One in Three Parents Plan to Skip Flu Shots for Their Kids During COVID-19 Pandemic
Jim Liebelt Jim Liebelt's Blog
- 2020 Oct 05
*The following is excerpted from an online article posted on EurekAlert.
The pandemic doesn't seem to be changing parents' minds about the importance of the flu vaccine.
It could be a double whammy flu season this year as the nation already faces a viral deadly disease with nearly twin symptoms. And while public health experts have emphasized the importance of people of all ages receiving seasonal flu vaccines during the COVID-19 pandemic, many parents may not be getting that message.
Just a third of parents believe that having their child get the flu vaccine is more important this year, a national poll suggests.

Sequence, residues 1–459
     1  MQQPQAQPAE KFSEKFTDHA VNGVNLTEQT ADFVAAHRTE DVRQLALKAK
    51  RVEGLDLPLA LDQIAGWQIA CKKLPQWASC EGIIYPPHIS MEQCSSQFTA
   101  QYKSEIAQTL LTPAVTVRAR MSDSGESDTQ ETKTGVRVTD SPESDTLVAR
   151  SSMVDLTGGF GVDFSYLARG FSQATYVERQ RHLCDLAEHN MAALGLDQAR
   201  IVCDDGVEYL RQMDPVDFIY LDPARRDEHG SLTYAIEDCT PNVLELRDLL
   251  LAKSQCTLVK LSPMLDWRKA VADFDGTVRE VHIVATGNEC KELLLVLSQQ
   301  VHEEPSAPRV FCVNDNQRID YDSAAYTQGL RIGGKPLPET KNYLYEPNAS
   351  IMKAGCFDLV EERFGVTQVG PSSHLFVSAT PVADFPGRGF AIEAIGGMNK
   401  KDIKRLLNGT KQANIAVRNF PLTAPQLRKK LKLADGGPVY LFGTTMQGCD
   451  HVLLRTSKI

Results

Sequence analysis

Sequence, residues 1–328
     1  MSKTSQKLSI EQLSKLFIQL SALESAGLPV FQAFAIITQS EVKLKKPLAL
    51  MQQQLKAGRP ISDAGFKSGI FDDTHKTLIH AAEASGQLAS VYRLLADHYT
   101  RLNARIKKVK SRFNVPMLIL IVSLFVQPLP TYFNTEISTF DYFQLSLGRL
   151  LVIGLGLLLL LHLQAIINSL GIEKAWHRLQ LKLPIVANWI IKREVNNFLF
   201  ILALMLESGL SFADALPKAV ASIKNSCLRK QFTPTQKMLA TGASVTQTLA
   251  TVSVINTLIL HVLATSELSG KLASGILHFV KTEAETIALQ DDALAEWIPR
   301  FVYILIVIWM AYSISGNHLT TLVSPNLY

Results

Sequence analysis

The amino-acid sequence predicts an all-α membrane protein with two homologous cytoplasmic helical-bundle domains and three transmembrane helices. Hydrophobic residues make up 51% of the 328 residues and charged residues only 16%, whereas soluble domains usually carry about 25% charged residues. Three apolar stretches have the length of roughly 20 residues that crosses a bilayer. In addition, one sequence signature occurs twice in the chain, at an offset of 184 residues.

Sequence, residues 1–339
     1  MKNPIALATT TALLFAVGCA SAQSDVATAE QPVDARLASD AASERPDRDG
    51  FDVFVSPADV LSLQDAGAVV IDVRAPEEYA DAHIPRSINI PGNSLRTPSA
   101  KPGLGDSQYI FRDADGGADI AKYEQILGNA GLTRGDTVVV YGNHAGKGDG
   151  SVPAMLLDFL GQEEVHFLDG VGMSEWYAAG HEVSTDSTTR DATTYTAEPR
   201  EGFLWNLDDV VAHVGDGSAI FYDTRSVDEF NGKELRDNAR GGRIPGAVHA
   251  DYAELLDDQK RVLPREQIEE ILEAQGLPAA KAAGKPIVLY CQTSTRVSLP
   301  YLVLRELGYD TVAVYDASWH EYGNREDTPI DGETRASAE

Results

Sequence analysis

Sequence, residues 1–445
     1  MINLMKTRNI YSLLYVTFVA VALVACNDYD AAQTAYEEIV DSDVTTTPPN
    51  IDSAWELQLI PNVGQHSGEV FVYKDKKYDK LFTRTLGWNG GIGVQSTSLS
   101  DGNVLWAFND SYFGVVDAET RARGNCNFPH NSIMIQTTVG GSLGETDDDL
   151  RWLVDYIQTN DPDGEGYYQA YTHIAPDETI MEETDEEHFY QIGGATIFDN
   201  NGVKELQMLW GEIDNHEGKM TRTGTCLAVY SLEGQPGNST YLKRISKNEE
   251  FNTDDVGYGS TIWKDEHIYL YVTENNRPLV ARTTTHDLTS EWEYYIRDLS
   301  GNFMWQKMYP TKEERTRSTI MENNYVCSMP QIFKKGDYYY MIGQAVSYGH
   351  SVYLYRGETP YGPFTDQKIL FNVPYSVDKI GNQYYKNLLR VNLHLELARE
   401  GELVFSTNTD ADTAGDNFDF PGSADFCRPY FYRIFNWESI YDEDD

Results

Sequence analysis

And as schools reopen for the first time since the novel coronavirus outbreak, one in three parents don't plan to vaccinate children against the flu, according to the C.S. Mott Children's Hospital National Poll on Children's Health at Michigan Medicine.
"We may see peaks of flu and COVID-19 at the same time, which could overwhelm the health care system, strain testing capacity, and potentially reduce our ability to catch and treat both respiratory illnesses effectively," says Mott Poll co-director Sarah Clark.
"Our report finds that even during the pandemic, some parents don't see the flu vaccine as more urgent or necessary. This heightens concerns about how the onset of flu season may compound challenges in managing COVID-19."
Children younger than five, and especially those younger than two, are at high risk of developing serious flu-related complications.
The nationally representative Mott Poll report includes 1,992 responses from parents of children age 2-18 years who were surveyed in August.